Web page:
She says that [u] should come from the larynx without and moment of the lips. Using an oscillator, he produced an [u] of moderately loud intensity, and then increased it into a forte, which sounded as if pitch had dropped by two whole tones. While [u] continued to be sound, an [i] with its higher harmonics was played by a second oscillator –> THE SYNTHESIS of [u] + [i] sounded at the original pitch…and then she later recommends using the french [y] as in “lune” to bridge the two sounds…claiming that this produced the voce mista used by bel canto singers.

    Does this align with your view of the imposto? I thought the second point was interesting because you seem to advocate this [u] / [e] mix in the upper register!

    Cheers,
    Mike

    P.S.

    • Hi Mike,
      Excellent observations. Let me see if I can address your questions.

      I’m wondering about your term — imposto — which you describe as the set-up.

      Yes. Impostazione is the tuning of the entire instrument to produce the right harmonics.

      Lucie Manen:

      The entrance of the organ of smell, the ethmoid bone, situated in the upper part of the nose, has a special importance for tone quality. It is connected to the nostrils below by a very narrow passage. In order to prevent the entry of bad or harmful odours or gases during inspiration, a set of small muscles (the compressor narium), acting as a reflex safety-valve, closes off the entrance to the olfactory bulb, the organ of smell. At the same time the larynx is closed reflexly to protect the lungs. This closing mechanism of the compressor narium I call the imposto . .. she goes on to say that this was called the Hochgriff in the Viennese School.”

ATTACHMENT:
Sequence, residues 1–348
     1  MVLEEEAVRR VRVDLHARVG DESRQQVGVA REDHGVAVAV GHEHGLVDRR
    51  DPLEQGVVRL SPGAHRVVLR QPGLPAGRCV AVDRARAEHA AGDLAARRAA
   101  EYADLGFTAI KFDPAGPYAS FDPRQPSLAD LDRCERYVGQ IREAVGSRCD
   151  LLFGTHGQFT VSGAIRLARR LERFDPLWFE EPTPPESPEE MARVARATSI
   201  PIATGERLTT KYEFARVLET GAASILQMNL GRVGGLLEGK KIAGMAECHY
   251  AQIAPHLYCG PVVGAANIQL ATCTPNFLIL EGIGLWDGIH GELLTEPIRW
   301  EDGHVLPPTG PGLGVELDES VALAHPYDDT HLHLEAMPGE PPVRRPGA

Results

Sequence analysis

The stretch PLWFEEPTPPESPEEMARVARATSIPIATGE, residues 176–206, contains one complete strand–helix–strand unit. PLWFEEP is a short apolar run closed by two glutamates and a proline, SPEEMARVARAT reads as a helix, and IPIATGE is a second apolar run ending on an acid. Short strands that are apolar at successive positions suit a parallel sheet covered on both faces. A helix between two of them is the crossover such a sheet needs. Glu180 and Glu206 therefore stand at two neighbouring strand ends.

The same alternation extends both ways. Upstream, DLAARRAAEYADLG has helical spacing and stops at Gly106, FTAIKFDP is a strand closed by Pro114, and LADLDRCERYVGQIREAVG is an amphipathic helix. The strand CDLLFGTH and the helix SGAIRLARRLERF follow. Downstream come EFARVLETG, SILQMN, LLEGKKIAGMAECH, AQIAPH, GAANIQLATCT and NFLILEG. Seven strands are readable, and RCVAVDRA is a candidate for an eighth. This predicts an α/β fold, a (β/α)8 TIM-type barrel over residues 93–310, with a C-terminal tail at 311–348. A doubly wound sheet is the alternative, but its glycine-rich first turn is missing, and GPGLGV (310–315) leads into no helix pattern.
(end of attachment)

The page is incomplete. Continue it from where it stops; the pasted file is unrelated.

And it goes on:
Personally, I don’t think it is useful to manipulate physical structures. I had a soprano colleague who closed the nasal passages to get the sound in the mask. I do not think this is accurately described as Hochgriff. Hochgriff and Tielgriff seem to me to be similar to what Italians would say appoggio in maschera and appoggio in laringe – learning into the mask, and leaning in the larynx. The squillo is bi-local as I explained. IT is both in the larynx and in the mask. So one has to find a balance between the two, and this depends on the range.

      “Furthermore (in regards to tenors) she says this: Separate the jaw, moisten lips, and hum the high harmonics of the imposto with the lips almost closed -> mi-mi-mi. She says that [u] should come from the larynx without and moment of the lips. Using an oscillator, he produced an [u] of moderately loud intensity, and then increased it into a forte, which sounded as if pitch had dropped by two whole tones. While [u] continued to be sound, an [i] with its higher harmonics was played by a second oscillator –> THE SYNTHESIS of [u] + [i] sounded at the original pitch…and then she later recommends using the french [y] as in “lune” to bridge the two sounds…claiming that this produced the voce mista used by bel canto singers.
      Does this align with your view of the imposto? I thought the second point was interesting because you seem to advocate this [u] / [e] mix in the upper register! ”

      The OO-EE mix is a bit narrow compared to the OH-EH mix I use. However, the OO is the first layer’s best buddy, so to sing OO-EE reduces the Cavita’ and enhances the squillo. If you listen to Bjoerling, often he has a moderate 2nd formant and a very dominant 5th harmonic in the top voice. It sounds like the result of an OO-EE mix to me.

      Best
      Jack